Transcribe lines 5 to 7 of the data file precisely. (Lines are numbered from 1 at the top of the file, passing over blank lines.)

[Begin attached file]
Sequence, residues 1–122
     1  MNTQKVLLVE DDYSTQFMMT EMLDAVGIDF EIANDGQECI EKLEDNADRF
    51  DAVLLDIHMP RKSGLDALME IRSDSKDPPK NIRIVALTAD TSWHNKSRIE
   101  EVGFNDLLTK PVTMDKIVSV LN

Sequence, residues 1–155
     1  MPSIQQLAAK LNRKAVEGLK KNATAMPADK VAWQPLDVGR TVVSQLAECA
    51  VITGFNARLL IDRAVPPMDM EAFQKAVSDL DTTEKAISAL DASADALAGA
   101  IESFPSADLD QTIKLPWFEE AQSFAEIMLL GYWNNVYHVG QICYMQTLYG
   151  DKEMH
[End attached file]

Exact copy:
Sequence, residues 1–155
     1  MPSIQQLAAK LNRKAVEGLK KNATAMPADK VAWQPLDVGR TVVSQLAECA
    51  VITGFNARLL IDRAVPPMDM EAFQKAVSDL DTTEKAISAL DASADALAGA